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GM's Big Idea
By Jonathan Salem Baskin

Even The Best Super Bowl Ad Won't Take The Place Of Doing Something Differently

GM plans to make a big splash on next year's Super Bowl, which I find surprising and disappointing.

It's a surprise because it's such a dumb idea. Ads on the Super Bowl are a rarefied group intended to one-up one another with creative and/or sleaze (or both). It's a big viewership event, for sure, but brands have to pay big time for the privilege of exposure while dumbing down the marketing content so there's any hope of breaking through the clutter. Super Bowl ads are reviewed and remembered as advertising, not meaningful communication. GM use to waste money on it back when it used to waste money on everything. It was a dumb idea then, and it's still a dumb idea now...for any brand.

I'm disappointed because the decision comes from Joel Ewanick, who proved to be an absolutely brilliant marketer at Hyundai. Back when the Detroit automakers were flushing billions down the toilet running commercials filled with useless slogans and footage of cars driving on winding roads, Ewanick was busy helping Hyundai develop truly differentiated and meaningful marketing, like guarantees that buyers could return their cars if they lose their jobs, and a program to let folks hedge gas costs. These weren't typically sexy ideas, but combined with Hyundai's service package they were absolutely smart ideas that sold cars. I think that success is what got him the gig at GM.

So why fall into the trap of big event advertising? The only answer I could come up with is that GM has something big to announce. Its Super Bowl package will focus on Chevrolet, which represents 70% of GM's sales and 70% of its ad budget overall (according to the Journal). Chevy is all but synonymous with GM, having been one of its brands since 1917. Maybe Ewanick's strategy is to go far beyond the typical ad creative nonsense and use the platform to tell the world something like:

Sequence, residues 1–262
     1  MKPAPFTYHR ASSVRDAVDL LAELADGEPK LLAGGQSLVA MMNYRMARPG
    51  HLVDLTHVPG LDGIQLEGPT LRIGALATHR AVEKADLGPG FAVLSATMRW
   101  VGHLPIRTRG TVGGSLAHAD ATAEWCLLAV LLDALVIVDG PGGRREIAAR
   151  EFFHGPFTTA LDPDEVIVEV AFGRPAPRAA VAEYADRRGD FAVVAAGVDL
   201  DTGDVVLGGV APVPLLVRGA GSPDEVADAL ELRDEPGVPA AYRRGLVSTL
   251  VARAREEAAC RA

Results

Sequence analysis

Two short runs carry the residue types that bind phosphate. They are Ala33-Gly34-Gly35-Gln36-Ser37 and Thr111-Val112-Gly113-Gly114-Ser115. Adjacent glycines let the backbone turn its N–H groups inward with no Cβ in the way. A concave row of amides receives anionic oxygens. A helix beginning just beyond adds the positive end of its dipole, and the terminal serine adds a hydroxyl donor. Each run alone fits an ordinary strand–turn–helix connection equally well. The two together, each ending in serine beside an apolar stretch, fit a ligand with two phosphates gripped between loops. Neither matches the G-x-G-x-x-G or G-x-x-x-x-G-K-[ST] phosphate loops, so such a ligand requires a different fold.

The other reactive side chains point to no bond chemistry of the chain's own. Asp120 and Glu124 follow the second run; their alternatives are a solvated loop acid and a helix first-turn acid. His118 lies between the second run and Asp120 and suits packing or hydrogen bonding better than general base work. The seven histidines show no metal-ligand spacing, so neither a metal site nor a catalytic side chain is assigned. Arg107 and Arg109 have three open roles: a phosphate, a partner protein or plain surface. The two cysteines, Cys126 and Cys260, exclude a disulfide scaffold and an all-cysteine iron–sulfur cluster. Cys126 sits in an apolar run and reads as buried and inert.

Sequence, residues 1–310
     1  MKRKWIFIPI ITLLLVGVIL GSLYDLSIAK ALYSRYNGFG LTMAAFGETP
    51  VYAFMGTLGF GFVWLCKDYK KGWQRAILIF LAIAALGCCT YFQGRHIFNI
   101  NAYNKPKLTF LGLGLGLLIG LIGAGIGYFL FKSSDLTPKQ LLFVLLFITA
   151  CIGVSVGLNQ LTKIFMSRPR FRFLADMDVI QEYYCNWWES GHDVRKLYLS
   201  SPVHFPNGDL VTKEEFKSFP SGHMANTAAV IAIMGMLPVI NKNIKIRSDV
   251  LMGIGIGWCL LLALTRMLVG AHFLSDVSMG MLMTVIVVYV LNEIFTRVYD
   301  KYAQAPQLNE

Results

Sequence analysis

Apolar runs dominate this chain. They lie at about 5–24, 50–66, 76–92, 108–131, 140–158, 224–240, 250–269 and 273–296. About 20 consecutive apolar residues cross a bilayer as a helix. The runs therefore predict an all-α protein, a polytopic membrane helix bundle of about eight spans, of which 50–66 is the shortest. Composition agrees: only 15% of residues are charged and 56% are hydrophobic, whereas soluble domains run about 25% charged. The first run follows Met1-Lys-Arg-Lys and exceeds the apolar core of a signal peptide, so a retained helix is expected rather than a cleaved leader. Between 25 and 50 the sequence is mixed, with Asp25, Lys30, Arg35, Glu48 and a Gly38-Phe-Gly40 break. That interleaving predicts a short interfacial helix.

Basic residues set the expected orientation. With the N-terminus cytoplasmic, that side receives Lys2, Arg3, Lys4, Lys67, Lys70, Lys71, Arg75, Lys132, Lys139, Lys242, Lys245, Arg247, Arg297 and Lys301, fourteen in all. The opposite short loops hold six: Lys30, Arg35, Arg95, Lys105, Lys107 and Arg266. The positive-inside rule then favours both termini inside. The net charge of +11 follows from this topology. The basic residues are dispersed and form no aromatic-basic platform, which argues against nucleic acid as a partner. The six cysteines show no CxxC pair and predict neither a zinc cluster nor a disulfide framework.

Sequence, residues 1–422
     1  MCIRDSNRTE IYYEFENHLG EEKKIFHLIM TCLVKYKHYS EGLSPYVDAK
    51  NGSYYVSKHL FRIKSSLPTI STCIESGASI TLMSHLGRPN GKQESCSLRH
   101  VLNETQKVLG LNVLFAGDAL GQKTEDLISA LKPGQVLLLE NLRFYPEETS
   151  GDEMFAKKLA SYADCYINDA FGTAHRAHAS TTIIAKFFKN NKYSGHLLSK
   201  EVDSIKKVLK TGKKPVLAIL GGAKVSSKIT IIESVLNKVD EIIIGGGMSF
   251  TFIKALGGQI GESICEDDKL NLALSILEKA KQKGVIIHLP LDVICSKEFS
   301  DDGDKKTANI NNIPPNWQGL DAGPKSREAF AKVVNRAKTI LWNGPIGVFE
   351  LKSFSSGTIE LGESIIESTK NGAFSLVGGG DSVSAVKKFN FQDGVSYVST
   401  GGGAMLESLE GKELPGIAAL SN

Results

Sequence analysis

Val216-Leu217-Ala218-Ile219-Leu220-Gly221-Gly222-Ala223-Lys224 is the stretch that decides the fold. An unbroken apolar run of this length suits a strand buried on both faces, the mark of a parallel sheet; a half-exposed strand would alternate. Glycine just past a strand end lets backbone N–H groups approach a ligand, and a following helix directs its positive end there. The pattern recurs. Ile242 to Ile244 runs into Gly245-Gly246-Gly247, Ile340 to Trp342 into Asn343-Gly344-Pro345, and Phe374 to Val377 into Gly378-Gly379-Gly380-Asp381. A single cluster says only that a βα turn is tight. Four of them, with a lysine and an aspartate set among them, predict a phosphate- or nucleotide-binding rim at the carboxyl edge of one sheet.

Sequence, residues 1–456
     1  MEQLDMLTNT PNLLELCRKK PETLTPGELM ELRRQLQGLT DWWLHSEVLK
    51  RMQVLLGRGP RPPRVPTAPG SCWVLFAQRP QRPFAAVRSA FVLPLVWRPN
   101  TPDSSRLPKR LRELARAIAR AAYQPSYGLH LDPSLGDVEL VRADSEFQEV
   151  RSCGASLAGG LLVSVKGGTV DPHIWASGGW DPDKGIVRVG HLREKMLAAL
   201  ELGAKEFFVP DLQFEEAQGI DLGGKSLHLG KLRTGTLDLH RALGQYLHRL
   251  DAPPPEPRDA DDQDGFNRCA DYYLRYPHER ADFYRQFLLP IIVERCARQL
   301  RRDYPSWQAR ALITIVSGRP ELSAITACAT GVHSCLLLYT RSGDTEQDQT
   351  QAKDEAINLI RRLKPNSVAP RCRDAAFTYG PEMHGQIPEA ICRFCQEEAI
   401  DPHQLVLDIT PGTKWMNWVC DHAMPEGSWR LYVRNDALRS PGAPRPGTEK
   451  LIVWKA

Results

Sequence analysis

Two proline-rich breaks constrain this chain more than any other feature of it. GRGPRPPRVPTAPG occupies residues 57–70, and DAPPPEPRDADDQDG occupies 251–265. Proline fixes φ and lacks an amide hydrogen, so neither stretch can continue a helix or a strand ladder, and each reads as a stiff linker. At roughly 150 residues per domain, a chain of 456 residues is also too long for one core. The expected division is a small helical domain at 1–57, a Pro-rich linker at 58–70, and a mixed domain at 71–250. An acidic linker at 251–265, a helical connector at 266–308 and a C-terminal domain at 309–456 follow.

• The division will source and make its entire product line in the USA. It's forsaking the patriotic imagery and committing to jobs and parts purchases in X number of communities across the nation, and inviting Americans to contribute to the success of the brand as employees, vendors, suppliers, and purchasers.
  • It plans to be the first carbon neutral car company. Chevy will only sell highly fuel-efficient vehicles, adapt its factories, use recycled materials, and purchase offsets to reduce not only its manufacturing but the consumer use of its products to a net-zero environmental impact. Car buyers will get novel ways to participate in this effort.
  • Chevy will blow up its distribution and sales model. It's 2010 and we still buy cars from middlemen like we did 50 years ago. Pricing structures are still skewed heavily to benefit sellers, not buyers (i.e. no distributor has ever met a leasing deal they didn't like). What if Chevys will be sold direct, and/or bought as ongoing investments in the brand vs. outright purchases of sheet metal?

The problem is that if GM has really big news to release, it shouldn't have to bury it in the noise of the Super Bowl. News announcements are their own events and there are evermore creative ways to promote them (LeBron’s job choice being an example of just one new way to do it). Also, important stuff gets told from the ground up, not through a high-priced megaphone, so if Chevy has something substantive to say it could be getting its rank-and-file communities to talk about it. I couldn't imagine a more perfect rationale for an extensive social media strategy.

More to the point, the information that ultimately transforms a brand into something different isn't advertising, and it isn't related to events whatsoever. It's doing business differently. That's what made GM's Saturn division such a wonderful invention (it was conceived as an independent car company) and what led to its downfall (it got integrated into GM). Hal Riney's great early advertising was creative expression of fact, not fiction. No ad agency can step up to this challenge. The company has to do it first.

I sure hope GM has a big idea in the works. Running ads on the Super Bowl isn't it.

Added: 9th August 2010


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